ANDREW Gaff is a goal-setter. But aside from the obvious achievements he wants to taste on the field, including winning a flag for West Coast, the star midfielder has been chipping away at another pursuit off it.
Gaff is a keen golfer, and has set his sights on playing the top 100 courses in Australia.
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"Every couple of years they bring out the new rankings and I reckon I've played about a quarter of them so far and obviously some of them are going to be tougher to get to. I might have to make a detour and starting directing my holiday plans to these golf courses in Queensland and New South Wales," Gaff told AFL.com.au.
"Everyone has their own way to relax and enjoy their time off away from the footy field. It might take me several years to hopefully do it but it's a little project to focus on and hopefully I'll get there one day."
While Gaff hopes to tick off several more courses by the end of this season, he has another target in mind before then: playing in a premiership for the Eagles.
Gaff will be a key player for West Coast in its elimination final against Collingwood next Saturday night at Optus Stadium. The clubs' run of recent big games as opponents includes the 2018 Grand Final, which Gaff missed through suspension after his damaging strike on young Docker Andrew Brayshaw.
The 28-year old said the Eagles would enter the game with confidence against the Magpies, but understanding Nathan Buckley's men had some key inclusions since their round eight meeting earlier this year.
"I'm very lucky as a West Coast player. This is our sixth finals series in a row and I've been lucky enough to play in quite a lot of finals series throughout my career so I don’t take it for granted," Gaff said.
"Each finals series you want to play well and win, and obviously a lot of the guys played in the 2018 finals series and want that feeling again and there's other guys who want that [for the first time]. Each year there's no guarantees."
Gaff and 2020 AFL All-Australian pair Nic Naitanui and Brad Sheppard were all Eagles regulars who missed the triumph of 2018 through different reasons, but the hard-working wingman said the trio hadn't made any extra bond about reaching the pinnacle this time around.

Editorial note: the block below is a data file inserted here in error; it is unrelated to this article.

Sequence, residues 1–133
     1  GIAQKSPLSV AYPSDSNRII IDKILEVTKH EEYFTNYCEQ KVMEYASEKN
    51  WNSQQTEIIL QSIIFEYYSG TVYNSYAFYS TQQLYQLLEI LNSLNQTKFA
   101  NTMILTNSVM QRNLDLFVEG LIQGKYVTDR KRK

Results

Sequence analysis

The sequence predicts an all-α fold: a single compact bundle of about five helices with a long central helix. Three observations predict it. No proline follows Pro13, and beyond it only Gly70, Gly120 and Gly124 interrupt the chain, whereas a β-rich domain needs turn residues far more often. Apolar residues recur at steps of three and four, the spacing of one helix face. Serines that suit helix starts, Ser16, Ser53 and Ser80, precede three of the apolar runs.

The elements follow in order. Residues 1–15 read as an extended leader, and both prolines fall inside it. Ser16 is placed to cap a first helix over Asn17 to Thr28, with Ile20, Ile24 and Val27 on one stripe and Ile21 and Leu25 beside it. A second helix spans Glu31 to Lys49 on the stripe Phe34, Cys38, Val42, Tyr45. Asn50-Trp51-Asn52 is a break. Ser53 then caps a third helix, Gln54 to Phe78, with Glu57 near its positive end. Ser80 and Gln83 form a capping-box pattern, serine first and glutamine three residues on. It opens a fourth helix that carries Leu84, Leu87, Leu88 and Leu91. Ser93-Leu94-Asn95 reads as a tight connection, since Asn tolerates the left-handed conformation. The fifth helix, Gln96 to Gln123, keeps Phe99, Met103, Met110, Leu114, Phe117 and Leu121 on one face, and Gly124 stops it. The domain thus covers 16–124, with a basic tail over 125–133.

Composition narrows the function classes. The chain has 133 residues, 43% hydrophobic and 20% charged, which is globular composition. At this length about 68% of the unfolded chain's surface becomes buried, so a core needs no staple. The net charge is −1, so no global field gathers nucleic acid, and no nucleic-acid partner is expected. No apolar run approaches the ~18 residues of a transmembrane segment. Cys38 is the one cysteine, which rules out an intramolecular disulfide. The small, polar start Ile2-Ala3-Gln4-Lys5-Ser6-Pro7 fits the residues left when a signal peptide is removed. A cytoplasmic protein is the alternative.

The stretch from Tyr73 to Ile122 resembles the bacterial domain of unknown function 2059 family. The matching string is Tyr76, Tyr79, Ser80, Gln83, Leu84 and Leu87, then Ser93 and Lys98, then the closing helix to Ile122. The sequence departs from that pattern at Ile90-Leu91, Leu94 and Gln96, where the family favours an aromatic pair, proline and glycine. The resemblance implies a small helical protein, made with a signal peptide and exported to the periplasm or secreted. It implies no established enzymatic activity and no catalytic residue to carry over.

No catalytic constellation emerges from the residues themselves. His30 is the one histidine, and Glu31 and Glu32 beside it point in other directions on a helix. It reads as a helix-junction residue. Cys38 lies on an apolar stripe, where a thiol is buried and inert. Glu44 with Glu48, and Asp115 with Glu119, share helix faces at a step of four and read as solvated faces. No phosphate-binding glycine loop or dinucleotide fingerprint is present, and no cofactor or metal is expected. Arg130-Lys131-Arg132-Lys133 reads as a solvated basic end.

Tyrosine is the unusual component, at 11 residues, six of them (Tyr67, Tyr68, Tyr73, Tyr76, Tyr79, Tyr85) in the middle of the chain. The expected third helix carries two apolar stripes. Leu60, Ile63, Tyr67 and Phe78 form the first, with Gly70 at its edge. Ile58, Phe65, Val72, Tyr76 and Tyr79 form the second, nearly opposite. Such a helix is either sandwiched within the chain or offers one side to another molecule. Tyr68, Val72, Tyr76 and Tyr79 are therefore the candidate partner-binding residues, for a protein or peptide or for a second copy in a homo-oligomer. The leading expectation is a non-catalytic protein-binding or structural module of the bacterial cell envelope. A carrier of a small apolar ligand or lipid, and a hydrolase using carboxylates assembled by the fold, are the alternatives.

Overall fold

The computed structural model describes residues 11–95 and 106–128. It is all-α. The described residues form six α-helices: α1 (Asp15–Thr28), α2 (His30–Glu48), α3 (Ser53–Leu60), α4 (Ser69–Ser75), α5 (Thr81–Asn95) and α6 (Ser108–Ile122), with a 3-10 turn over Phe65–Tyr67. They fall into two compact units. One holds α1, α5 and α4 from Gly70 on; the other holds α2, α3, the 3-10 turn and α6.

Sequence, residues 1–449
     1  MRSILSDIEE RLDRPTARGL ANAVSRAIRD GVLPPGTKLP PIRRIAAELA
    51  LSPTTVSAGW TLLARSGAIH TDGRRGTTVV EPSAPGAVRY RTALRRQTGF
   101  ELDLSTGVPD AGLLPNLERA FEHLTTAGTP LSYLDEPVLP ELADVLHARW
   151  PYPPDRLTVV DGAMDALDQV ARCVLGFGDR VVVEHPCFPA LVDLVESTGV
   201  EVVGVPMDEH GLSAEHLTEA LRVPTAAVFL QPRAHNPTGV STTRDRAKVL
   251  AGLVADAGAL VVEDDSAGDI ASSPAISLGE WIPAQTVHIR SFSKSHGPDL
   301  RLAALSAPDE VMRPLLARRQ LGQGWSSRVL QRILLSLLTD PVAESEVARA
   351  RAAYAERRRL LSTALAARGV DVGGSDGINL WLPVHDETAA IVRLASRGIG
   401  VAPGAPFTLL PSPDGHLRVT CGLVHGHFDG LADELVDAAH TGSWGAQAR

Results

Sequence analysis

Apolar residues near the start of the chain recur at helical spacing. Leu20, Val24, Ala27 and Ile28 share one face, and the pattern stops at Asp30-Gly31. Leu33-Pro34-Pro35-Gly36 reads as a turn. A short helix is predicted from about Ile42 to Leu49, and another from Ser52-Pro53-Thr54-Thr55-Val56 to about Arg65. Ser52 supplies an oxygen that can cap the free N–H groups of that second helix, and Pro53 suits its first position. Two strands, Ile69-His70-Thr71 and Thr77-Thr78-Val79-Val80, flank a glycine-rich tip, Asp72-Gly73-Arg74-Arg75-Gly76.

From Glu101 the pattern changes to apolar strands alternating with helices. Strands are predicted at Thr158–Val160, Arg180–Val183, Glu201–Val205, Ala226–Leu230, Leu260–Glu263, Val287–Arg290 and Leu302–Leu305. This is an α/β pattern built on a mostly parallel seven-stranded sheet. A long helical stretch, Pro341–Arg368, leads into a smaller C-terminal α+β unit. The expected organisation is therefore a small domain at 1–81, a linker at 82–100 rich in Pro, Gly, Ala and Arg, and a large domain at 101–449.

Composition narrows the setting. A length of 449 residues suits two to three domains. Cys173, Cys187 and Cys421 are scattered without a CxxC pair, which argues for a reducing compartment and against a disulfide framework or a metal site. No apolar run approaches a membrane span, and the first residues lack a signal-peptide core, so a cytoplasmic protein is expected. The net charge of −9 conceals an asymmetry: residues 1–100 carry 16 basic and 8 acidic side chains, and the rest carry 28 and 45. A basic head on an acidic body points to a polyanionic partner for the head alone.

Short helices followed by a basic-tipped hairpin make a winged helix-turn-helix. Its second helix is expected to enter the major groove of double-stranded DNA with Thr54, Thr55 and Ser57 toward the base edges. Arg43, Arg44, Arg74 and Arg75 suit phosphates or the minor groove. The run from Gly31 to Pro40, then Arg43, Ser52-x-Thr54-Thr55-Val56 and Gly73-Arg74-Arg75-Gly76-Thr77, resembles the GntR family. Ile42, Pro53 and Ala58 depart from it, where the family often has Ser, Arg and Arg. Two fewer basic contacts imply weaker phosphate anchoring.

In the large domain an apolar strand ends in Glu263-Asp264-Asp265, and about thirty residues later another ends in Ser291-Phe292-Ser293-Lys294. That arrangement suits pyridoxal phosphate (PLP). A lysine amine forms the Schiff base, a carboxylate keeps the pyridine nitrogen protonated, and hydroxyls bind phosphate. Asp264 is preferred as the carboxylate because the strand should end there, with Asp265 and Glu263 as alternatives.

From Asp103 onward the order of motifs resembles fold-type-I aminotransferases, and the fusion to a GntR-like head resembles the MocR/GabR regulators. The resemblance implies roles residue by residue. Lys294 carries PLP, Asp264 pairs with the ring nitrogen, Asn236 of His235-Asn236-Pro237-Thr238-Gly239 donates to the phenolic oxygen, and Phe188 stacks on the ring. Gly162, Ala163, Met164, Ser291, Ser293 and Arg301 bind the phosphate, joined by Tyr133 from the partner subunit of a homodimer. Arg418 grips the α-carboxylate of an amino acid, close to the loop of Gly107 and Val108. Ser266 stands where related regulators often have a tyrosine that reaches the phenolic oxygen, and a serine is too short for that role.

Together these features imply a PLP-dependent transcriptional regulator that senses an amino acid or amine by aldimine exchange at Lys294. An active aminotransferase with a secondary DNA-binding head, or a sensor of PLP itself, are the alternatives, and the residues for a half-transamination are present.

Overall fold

"There's so many new guys as well who are wanting that first feeling as well. We've played about 38 players this year and plenty of debutants so there's plenty of guys in a similar boat," he said.
"You have to separate yourself from that and look at how you prepare yourself and how the team performs on that given day, because anything can happen in finals and the best team in October will win it and it doesn't matter where you are in the eight."
The Eagles will start the finals in fifth position, having missed the top four on percentage. It is a strong recovery from their early-season form when they won just one of their first four games and struggled away from Perth.
Gaff has been central to their form turnaround. The 214-gamer has averaged 24 disposals this season and was picked in the 40-player All-Australian squad.
And in a midfield that has been hit with injuries to Luke Shuey and Elliot Yeo at different stages, he has been one of the consistent figures.
Gaff, who has all but locked in a new four-year contract extension to remain an Eagle until the end of 2024, could have been playing elsewhere. The elite midfielder spent most of 2018 considering a move back to Victoria to take up a lucrative and long multimillion dollar deal with North Melbourne.
But he knocked back the Roos' overtures to remain in Western Australia, and is now readying himself for another tilt at a premiership. He says he hasn't reflected much on his big decision.
"Post career and retirement you get a bit more time to think about that stuff. I'm pretty persistent and pretty focused on things during the footy season that it's often hard to take a step back and think about these decisions and appreciate them I guess," he said.
"Once seasons finish and my career's finished that's when you really think about those things. It's been a good ride."